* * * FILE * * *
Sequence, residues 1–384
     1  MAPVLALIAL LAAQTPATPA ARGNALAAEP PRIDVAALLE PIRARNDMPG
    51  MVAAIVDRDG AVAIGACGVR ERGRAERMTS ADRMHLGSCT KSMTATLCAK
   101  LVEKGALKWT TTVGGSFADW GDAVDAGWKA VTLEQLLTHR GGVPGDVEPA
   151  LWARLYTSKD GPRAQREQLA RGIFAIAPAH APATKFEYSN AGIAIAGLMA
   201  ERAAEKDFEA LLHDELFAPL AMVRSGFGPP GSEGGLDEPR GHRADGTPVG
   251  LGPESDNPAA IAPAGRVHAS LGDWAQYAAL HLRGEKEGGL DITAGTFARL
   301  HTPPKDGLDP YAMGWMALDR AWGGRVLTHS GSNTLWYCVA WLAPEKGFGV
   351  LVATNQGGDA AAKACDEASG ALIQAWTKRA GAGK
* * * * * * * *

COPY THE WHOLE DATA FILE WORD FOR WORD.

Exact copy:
Sequence, residues 1–384
     1  MAPVLALIAL LAAQTPATPA ARGNALAAEP PRIDVAALLE PIRARNDMPG
    51  MVAAIVDRDG AVAIGACGVR ERGRAERMTS ADRMHLGSCT KSMTATLCAK
   101  LVEKGALKWT TTVGGSFADW GDAVDAGWKA VTLEQLLTHR GGVPGDVEPA
   151  LWARLYTSKD GPRAQREQLA RGIFAIAPAH APATKFEYSN AGIAIAGLMA
   201  ERAAEKDFEA LLHDELFAPL AMVRSGFGPP GSEGGLDEPR GHRADGTPVG
   251  LGPESDNPAA IAPAGRVHAS LGDWAQYAAL HLRGEKEGGL DITAGTFARL
   301  HTPPKDGLDP YAMGWMALDR AWGGRVLTHS GSNTLWYCVA WLAPEKGFGV
   351  LVATNQGGDA AAKACDEASG ALIQAWTKRA GAGK